Not all categories are equal either. The most active e-commerce categories are those of beauty products and ready-to-wear apparel, both with 7.2 percent of sales happening online, followed closely by accessories at 6.2 percent and eventually watches and jewellery with only 4.1 percent.
These differences are certainly driven by price differentials but also by the extent to which there have been rich and compelling e-commerce offerings developed in the category. On this front, both beauty brands and fashion retailers have been dynamic in their innovation over the last few years.
This is where it gets really interesting.
Since buying a luxury item is often a high involvement endeavor, it’s not surprising that luxury buyers have long and complex decision journeys.
To start, when consumers begin shopping for a particular item, they usually have a pre-selected set of brands in mind at the outset – an initial consideration set.
More than three quarters of luxury purchases came from the few brands present in the initial consideration.
Specifically, the research indicated that brands that are top of mind at the start of the online purchasing journey have a 25% chance of being finally purchased – which is twice the probability of a brand that’s been added during the next phase of the decision journey, the evaluation process.
In luxury, this active evaluation phase is much less relevant than it is for other categories.
“ On average, a luxury shopper will be influenced by 9 points of contact with the brand he or she finally purchases ”
The report analyzed the decision journeys of luxury consumers across 21 different touchpoints – 11 offline (such as print media or store visits) and 10 online (such as search, social media and the online brand store).
The results indicated that, on average, a luxury shopper will be influenced by nine points of contact with the brand he or she finally purchases.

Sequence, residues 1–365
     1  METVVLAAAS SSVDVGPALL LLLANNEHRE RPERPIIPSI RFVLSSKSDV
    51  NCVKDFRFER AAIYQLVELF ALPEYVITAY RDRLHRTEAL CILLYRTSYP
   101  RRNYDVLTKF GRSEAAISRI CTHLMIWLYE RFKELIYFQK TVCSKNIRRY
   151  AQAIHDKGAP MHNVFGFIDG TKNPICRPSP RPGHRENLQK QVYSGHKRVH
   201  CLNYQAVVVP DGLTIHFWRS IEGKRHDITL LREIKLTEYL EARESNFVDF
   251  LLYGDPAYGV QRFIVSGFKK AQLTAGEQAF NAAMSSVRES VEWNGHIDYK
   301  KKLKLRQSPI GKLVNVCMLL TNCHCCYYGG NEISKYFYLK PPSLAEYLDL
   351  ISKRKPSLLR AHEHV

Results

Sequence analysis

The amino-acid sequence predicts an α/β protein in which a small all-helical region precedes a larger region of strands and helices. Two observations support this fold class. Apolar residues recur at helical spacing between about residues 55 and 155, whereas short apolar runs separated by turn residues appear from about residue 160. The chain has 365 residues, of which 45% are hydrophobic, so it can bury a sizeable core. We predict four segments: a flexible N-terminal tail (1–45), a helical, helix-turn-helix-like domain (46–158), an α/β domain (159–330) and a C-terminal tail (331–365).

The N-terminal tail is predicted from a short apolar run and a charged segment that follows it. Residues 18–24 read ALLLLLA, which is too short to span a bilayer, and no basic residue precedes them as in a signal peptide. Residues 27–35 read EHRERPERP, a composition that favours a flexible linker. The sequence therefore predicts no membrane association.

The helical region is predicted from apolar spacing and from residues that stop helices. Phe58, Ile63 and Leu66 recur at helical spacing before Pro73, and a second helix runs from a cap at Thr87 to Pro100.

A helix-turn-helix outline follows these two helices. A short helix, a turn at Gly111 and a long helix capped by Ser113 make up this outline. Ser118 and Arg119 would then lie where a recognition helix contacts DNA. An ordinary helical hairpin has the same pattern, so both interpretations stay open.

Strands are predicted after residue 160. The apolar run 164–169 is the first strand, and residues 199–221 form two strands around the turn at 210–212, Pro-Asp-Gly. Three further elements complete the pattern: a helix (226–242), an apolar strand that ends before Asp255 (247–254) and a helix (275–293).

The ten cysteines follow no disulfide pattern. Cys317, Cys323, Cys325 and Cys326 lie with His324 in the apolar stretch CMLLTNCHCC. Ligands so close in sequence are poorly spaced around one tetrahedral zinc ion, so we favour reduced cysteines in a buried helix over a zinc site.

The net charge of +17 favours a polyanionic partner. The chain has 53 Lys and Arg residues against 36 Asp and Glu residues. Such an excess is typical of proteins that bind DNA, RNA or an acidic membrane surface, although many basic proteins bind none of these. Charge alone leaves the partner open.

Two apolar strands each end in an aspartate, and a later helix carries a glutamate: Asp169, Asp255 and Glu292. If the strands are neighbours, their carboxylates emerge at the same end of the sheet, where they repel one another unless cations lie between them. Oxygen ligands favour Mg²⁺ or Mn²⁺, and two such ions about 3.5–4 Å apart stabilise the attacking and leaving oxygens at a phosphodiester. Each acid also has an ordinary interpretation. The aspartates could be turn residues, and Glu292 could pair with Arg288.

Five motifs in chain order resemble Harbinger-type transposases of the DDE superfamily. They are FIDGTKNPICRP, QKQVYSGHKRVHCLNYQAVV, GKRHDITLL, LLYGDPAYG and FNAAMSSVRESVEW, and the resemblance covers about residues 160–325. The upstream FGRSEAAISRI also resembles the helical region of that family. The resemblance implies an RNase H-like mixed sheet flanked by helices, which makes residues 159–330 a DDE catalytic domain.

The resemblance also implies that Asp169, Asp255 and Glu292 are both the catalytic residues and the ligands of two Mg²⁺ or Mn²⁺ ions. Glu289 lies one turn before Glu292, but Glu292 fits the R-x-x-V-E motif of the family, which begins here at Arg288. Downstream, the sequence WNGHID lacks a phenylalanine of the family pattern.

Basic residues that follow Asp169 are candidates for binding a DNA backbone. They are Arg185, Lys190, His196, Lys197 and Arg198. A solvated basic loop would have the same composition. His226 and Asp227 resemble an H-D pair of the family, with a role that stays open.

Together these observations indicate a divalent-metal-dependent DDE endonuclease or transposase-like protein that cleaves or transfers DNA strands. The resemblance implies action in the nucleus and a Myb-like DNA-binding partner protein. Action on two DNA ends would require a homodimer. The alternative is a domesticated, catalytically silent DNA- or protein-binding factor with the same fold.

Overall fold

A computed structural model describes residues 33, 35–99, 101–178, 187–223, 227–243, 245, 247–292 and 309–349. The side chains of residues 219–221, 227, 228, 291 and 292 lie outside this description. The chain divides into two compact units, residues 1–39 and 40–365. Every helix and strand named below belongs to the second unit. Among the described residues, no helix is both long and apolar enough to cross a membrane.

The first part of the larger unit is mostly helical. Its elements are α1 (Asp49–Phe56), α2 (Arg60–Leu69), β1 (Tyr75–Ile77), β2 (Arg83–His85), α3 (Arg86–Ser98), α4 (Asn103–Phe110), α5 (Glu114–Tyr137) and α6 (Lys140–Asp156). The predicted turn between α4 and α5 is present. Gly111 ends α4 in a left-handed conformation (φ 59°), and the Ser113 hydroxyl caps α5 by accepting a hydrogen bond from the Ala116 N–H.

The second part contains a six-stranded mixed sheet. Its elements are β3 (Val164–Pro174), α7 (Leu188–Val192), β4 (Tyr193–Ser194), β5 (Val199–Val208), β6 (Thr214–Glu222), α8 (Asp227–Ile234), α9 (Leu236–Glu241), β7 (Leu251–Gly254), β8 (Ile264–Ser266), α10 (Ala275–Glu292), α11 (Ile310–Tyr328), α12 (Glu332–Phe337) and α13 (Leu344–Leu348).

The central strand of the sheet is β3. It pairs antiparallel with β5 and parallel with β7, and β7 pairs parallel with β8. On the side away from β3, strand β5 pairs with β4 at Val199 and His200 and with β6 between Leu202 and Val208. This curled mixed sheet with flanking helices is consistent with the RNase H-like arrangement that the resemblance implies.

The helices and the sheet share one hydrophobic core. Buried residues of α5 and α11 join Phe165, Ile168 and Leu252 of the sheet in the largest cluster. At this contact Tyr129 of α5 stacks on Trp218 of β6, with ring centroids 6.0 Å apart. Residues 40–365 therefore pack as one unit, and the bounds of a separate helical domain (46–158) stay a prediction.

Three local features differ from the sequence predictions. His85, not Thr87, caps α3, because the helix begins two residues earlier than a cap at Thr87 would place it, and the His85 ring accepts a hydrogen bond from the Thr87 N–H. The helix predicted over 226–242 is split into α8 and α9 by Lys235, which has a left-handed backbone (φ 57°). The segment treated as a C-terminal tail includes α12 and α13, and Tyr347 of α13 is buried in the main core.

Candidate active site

Across the globe, this figure ranges from only 6 touchpoints in the UK to 13 in China, reflecting differing levels of luxury maturity, ecosystems and shopping habits that have developed over time.
Overall though, each the 21 touchpoints analyzed reaches at least one in five luxury buyers.
The translation is that at least one of every five luxury shoppers will be exposed to every piece of content brands create – or that consumers create on the brand. Two-thirds of the users surveyed generated social media content themselves – photographs, videos, product reviews or re-postings of content created by others – at least once a month. 15% do it daily.
Thus, players should leverage all possible touchpoints in order to increase their presence in the initial consideration set as well as convert customers throughout the course of their complex decision-making before buying a luxury product.
To achieve this, luxury brands need to continue building their preeminence over time in order to be at the top of a consumer’s mind whenever a purchase occasion occurs. This process is more of a marathon than a sprint, requiring long-term building of brand awareness, reputation and category relevancy in a powerful and consistent manner.
While brands certainly have their work cut out for them – the report offers some guidelines in the form of five particular touchpoints that are must-wins. These stand out across all geographies, categories and pricepoints.
They are the most qualitative points of customer contact and have a clear impact on the final purchase decision at least two-thirds of the time. In short, they are vital for creating an outstanding luxury customer experience.
1. The city store: * Even in the digital age, luxury customers are heavily influenced by what they see and experience in physical stores, so much so that it is the most important point of contact with luxury customers. Eighty percent of luxury consumers have regular contact with luxury goods stores, giving this touchpoint the highest reach and the greatest impact on sales. Delivering an outstanding in-store experience is a must, and digital offers a great opportunity to modernize and further enhance this critical meeting point between a brand and its customers.